The person is a lawyer so I don't think idle threats will help much.
I'm not even particularly concerned about the competition... We live in a tight knit community in our category, people will know very fast what he's done and the rep will be out the window tomorrow...but I just don't like having someone copy my content to try and beat me for my keywords...especially when I see that this happened that he got a better position in one case...
| 2:35 pm on Nov 29, 2002 (gmt 0)|
I meant to add that I don't want google to do anything to him legally or get in between anything legal at all...but if they would penalize his pr would be nice since he's using very unethical seo techniques :)
| 2:40 pm on Nov 29, 2002 (gmt 0)|
Heretic - what exactly is your problem with the competitor - does he steal your content?
Or does he use SEO techniques which make him outrank you? Those are two totally different pairs of shoes.
| 2:41 pm on Nov 29, 2002 (gmt 0)|
If i am not mistaken, Google has a specific procedure for reporting copyright infringement. It requires you to fill out some sort of form, and then they contact the other party and request a statement that they have reason to believe the material is their's and not copyright. If they do not submit this statement they will be removed from the index. i am quite sure i saw this procedure outlined, but i'm in a hurry right now and cannot find it.
The reason Google cares ( i think) is because when the copyright infringement is cached or displayed in the SERPS, Google becomes a party to the infringement.
If your plagiarist is overseas, outside of the easy reach of North American law, it can be really hard to do anything at all, except try to get google to act for you.
I recently had a web site operator in Washington accuse me of plagiarizing her material, and she CC'd the accusation to a number of contacts which discredited me in their eyes. Because of her actions, and people's stupidity, i lost several links. The material on my site was public domain, and i was able to demonstrate that the complainer had copied the material word-for-word from a public domain source. None of this made any difference to the damage done. Because i am in Canada and the liar was in Washington, and because her offense consisted mainly of libel, there was very little to be done other than lick my wounds.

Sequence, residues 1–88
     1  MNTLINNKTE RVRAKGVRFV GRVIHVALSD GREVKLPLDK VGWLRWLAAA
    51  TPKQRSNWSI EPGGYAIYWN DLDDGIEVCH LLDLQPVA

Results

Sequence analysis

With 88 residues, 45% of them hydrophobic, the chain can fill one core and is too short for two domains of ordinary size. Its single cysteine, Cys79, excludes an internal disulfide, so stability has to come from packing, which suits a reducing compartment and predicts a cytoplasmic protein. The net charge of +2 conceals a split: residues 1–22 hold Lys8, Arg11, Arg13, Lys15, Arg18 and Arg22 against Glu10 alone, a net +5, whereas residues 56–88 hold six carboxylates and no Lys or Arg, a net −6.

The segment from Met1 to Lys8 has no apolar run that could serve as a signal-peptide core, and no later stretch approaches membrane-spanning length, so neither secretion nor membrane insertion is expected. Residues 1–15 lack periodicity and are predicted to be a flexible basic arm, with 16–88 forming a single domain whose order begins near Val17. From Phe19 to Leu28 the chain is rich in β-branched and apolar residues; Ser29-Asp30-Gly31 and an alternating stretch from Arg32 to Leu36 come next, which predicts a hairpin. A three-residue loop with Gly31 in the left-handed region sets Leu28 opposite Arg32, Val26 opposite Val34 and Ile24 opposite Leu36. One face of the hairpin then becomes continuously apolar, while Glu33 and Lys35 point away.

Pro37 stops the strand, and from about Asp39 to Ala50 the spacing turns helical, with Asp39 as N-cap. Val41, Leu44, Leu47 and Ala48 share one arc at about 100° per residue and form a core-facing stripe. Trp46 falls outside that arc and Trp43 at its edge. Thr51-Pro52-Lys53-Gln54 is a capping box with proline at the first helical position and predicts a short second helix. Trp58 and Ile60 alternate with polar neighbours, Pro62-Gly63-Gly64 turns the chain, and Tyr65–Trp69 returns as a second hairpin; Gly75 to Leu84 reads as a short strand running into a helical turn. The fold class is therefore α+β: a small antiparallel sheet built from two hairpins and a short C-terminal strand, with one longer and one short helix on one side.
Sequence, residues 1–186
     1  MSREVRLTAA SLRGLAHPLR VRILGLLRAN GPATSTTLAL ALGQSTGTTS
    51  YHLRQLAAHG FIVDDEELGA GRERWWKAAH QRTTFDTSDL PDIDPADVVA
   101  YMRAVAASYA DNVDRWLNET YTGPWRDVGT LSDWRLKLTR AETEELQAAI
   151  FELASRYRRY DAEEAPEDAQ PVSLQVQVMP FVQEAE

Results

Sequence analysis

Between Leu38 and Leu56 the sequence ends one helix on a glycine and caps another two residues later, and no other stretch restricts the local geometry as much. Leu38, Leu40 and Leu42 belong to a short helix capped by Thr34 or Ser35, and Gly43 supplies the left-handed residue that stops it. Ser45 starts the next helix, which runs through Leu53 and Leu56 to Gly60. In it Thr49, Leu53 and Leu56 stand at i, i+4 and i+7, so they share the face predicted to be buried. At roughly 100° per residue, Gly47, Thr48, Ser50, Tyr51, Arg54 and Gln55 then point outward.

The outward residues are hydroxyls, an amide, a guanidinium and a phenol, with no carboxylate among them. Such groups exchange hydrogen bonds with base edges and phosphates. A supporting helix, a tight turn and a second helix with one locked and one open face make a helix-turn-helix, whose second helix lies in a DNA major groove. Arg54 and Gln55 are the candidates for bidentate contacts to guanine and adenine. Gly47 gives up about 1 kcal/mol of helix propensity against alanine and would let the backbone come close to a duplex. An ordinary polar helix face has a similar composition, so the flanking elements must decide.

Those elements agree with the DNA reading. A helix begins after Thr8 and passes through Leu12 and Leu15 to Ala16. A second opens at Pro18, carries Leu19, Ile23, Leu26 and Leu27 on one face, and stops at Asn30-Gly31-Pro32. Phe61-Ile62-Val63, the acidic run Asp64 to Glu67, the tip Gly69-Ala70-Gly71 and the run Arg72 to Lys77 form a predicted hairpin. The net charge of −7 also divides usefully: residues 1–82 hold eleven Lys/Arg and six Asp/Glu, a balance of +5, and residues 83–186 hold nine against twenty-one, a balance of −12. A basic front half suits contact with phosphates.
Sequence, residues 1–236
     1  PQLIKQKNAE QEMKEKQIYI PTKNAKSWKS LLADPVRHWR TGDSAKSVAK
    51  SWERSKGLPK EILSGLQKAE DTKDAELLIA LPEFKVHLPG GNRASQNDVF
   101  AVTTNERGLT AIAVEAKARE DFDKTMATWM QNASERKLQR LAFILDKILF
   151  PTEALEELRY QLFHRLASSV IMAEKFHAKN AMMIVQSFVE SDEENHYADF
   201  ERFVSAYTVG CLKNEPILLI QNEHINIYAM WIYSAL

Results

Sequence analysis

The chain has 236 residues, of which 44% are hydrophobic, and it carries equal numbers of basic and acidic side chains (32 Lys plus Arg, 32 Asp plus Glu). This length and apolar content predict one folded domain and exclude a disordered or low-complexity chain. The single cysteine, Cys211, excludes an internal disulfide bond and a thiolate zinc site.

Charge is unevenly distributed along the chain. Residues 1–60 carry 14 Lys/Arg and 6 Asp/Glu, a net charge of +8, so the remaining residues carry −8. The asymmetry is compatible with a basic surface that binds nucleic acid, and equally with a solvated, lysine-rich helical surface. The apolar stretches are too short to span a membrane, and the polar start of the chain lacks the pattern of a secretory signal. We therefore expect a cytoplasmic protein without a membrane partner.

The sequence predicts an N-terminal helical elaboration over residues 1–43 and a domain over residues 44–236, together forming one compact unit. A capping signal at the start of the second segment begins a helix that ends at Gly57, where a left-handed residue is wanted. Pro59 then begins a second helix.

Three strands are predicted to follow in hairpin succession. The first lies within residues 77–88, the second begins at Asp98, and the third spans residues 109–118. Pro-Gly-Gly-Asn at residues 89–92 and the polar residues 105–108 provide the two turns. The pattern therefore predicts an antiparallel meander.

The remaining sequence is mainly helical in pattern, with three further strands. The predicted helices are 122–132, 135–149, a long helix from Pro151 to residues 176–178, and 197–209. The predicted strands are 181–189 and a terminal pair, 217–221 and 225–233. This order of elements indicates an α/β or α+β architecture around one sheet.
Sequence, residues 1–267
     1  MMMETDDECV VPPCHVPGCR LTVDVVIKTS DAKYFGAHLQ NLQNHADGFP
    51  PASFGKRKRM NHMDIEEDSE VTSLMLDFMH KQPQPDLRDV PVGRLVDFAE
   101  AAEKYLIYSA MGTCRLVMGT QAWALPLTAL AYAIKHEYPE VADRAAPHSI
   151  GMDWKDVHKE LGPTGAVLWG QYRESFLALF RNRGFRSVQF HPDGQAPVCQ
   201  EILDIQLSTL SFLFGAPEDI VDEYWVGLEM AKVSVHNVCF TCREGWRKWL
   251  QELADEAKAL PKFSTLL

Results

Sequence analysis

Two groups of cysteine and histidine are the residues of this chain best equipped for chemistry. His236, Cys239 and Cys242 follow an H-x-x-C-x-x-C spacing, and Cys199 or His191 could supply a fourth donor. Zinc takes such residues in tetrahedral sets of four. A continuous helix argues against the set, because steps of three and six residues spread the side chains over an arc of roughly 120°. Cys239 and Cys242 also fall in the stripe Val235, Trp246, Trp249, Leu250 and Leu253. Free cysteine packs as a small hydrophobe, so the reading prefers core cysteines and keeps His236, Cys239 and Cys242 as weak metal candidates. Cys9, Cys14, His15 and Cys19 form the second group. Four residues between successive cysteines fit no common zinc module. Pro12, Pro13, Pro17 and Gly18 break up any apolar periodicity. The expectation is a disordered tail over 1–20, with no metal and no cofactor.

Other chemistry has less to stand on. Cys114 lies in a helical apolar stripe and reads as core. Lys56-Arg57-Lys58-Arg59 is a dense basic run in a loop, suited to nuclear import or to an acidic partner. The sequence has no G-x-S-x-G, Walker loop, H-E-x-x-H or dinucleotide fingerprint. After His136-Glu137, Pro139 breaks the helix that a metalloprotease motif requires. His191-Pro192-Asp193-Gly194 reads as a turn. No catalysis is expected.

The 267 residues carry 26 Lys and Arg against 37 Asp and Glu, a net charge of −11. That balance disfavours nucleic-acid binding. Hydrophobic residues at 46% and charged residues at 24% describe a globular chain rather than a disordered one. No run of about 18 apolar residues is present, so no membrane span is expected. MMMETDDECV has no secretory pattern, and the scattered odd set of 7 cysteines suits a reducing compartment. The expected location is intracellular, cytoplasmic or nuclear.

(i am currently in the process of working my way past her up the SERPs. . . the only revenge i could think of.)
The reason i mention my experience is to demonstrate that the Google process of removing copyright infringements may be the only option open to you.
| 2:48 pm on Nov 29, 2002 (gmt 0)|
Thank you snowfox. Very interesting info.
Heini, try to put yourself in my shoes. You work for years on something, it's your baby and then overnight someone steals all your work...some of it word for word, some of it not...
The keyword he beat me at is one minor one, not that big a deal. I have around a thousand backlinks and a rep, he has no backlinks and no rep.
But this experience feels like someone has come into your house and stolen your personal belongings. So I apologize if I'm rambling a bit, but while it takes a lot for me to lose my temper, once I do it takes me awhile to calm down...and to realize that his theft is not one of major consequence.....logic tells me that, but emotion makes me so upset you can't imagine...
| 2:57 pm on Nov 29, 2002 (gmt 0)|
Given the time and effort that we go into to write good content, Im sure everyone can apreciate how it feels to have it ripped off.
Im an ODP editor for a small category that one of my sites is listed in (the site was in before i became editor). Someone recently submitted a carbon copy of my own site to my category. ;) That didnt work too well! Apart from anything else, the site (a directory) didnt have any links in its directory!
I think there should be a way in which to pursue a course of action if someone steals your online content.
For every other form of media there is a process to air problems, but due to the wide scope of the web it makes it difficult for us.
Just my thoughts though!
| 3:14 pm on Nov 29, 2002 (gmt 0)|
I think he's an ODP editor because he's making a big deal about that on his site..plus I've been rejected for my category so I don't know if there's foul play there...but I won't jump to conclusions, its easy to get paranoid...
| 5:14 pm on Nov 29, 2002 (gmt 0)|